Resident archivist Jack Dangers gets his fingers into the circuits of 1970s DIY electronic instrument maker and improviser Michel Waisvisz
Michel Waisvisz was into building his own instruments, so he could make music by touching the circuits and become part of the device himself. “I started seeing my skin as a patchable cable,” he wrote in 2004.
Waisvisz was born in 1949 in the Netherlands. When he was a kid, he and his brother discovered that transistor radios would made weird noises when they opened them up. They’d perform concerts with them at home by fiddling with the circuit boards inside. In the late 1960s, he became friendly with Dutch electronic music pioneer Dick Raaijmakers, one of the co-founders of STEIM (Studio for Electro Instrumental Music) in Amsterdam. Waisvisz was director of STEIM from 1981 until his death in 2008.
In 1978, Waisvisz released an album called ‘Crackle’, which uses the Cracklebox/Crackle Synthesiser. The Cracklebox is a wooden box with touch-sensitive plates. By placing your fingers on the plates, you complete a circuit to make a noise. The album is free improvisation and, at points, sounds like getting your teeth cleaned at the dentist, but it really is musical and very wild.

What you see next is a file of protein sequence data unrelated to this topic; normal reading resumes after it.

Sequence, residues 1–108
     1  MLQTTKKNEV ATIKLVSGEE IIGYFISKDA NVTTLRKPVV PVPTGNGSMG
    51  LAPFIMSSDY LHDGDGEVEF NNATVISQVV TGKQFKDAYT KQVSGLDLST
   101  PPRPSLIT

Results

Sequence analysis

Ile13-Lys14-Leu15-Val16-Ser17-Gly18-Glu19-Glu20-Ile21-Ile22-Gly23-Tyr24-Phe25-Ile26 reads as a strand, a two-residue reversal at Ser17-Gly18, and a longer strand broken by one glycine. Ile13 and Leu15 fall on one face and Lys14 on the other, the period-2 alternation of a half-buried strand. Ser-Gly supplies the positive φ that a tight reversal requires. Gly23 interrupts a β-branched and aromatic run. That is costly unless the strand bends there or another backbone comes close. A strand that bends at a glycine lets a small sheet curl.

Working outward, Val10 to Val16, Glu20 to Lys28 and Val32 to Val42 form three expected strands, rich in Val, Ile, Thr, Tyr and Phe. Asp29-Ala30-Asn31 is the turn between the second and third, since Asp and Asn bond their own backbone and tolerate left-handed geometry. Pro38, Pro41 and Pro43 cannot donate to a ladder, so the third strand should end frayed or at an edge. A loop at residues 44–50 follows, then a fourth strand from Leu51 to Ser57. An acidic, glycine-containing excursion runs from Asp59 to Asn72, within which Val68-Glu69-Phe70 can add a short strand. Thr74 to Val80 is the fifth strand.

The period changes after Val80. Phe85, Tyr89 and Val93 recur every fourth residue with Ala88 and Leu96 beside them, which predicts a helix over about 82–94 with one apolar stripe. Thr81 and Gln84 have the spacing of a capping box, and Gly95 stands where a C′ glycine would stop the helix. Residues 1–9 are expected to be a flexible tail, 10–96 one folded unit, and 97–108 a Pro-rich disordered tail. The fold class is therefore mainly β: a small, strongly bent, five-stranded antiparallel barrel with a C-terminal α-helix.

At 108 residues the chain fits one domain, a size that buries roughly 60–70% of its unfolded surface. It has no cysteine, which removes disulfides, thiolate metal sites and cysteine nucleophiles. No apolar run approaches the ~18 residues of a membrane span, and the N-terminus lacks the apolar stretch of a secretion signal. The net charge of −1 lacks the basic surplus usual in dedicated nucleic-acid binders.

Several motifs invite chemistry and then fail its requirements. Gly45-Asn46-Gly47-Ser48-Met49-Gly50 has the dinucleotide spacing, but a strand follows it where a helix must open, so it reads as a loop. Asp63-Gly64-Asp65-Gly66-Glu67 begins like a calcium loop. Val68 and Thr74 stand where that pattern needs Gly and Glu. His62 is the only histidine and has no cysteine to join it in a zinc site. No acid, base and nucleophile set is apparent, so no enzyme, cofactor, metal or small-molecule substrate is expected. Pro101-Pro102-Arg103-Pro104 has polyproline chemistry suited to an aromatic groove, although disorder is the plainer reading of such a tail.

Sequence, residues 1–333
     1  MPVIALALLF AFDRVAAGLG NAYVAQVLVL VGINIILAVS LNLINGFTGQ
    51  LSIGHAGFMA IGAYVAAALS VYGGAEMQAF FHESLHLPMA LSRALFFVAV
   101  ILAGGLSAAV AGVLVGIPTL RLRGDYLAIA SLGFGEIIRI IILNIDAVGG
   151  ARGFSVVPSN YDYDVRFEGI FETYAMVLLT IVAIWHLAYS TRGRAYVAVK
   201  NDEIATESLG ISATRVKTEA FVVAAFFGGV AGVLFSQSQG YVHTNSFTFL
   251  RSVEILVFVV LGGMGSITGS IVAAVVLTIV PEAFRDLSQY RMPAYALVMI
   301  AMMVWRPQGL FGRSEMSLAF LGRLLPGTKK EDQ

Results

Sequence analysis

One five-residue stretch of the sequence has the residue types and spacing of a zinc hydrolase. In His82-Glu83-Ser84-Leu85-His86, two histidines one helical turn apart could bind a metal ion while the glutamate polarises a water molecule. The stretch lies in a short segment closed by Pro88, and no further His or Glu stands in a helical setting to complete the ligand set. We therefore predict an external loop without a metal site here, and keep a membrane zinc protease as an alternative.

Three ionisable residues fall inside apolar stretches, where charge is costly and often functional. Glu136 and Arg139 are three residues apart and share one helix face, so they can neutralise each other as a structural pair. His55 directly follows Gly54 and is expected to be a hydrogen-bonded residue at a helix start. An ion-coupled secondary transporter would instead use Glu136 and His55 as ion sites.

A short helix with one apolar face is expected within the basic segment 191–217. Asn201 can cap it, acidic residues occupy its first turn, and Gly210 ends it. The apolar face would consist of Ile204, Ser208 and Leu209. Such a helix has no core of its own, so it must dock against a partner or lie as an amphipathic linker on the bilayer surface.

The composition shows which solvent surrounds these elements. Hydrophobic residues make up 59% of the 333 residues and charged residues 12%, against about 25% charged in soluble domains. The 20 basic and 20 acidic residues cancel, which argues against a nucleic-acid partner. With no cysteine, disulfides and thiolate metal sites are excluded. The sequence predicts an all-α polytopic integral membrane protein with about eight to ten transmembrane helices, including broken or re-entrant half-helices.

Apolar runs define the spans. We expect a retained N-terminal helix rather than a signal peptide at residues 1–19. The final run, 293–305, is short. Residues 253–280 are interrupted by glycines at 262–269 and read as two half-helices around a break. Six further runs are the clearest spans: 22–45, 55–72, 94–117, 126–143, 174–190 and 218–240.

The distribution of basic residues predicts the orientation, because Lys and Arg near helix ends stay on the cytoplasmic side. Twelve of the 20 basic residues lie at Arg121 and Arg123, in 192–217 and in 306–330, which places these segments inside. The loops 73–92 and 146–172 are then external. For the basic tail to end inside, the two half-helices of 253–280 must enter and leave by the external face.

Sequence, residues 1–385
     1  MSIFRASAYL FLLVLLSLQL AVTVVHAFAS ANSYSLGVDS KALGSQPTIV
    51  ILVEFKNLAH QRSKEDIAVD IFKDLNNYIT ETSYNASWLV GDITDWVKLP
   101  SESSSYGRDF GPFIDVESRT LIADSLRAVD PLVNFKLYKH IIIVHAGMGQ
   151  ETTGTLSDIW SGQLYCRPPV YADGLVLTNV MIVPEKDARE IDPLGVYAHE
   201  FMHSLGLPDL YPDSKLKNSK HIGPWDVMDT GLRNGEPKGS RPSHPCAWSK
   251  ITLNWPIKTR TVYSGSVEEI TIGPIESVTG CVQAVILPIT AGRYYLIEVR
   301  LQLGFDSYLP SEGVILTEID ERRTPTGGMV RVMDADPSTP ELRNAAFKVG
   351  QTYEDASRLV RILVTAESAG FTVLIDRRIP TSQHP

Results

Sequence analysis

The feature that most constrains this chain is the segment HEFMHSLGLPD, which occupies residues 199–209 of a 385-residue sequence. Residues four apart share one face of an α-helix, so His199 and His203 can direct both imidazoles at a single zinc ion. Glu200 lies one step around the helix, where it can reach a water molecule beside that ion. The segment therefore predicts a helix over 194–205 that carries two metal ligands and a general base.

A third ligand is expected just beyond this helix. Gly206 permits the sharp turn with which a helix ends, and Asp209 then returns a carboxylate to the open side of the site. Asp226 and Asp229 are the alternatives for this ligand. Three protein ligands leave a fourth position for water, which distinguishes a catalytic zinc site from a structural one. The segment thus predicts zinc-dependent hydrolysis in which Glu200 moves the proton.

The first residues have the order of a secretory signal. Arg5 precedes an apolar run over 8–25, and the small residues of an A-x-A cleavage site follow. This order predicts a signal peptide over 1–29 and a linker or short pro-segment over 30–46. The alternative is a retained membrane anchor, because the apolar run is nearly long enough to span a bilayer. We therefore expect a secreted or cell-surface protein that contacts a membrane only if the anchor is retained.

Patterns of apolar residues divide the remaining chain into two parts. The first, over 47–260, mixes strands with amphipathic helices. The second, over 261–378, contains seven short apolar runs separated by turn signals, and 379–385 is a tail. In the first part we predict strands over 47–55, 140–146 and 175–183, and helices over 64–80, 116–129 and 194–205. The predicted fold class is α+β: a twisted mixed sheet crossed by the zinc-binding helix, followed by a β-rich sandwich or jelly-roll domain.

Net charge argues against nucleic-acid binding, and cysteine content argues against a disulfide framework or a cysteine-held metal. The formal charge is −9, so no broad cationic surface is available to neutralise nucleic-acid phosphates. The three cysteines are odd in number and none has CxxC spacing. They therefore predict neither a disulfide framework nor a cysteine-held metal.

Waisvisz also used a circuit-bent VCS 3 on this record. He connected the pins of the VCS 3’s patchbay with touchpads in order to play the synth with his fingers, and removed the rear panel so he could mess with the inner circuits using skin-conductivity. It seems the Crackle Synthesiser was a combination of the Cracklebox concept with the VCS 3, but it’s not entirely clear, and the term Crackle Synthesiser seems to refer to the Cracklebox, too.
The track ‘Stradivarius’ was played on a DIY device called the Springboard, which was built by Hugh Davies, another keen instrument maker and founder of the Electronic Music Studios at Goldsmiths, University of London. Davies was a former student of Karlheinz Stockhausen and Daphne Oram, and wrote the ‘International Electronic Music Catalogue’, an essential book for anyone interested in post-war, avant-garde electronic music.
On the back of the ‘Crackle’ sleeve, there’s an image of Waisvisz playing the synth. He was a physical performer, and in the last few years of his life he developed The Energetica Project, where he was trying to generate electricity by his own movements to power the instruments.
His inventions weren’t intended for mass production, but STEIM built and sold 4,000 Crackleboxes in the 1970s, and they still sell them today. You can get a kit for €100, or a built version for €150. A copy of the ‘Crackle’ LP will set you back around £75.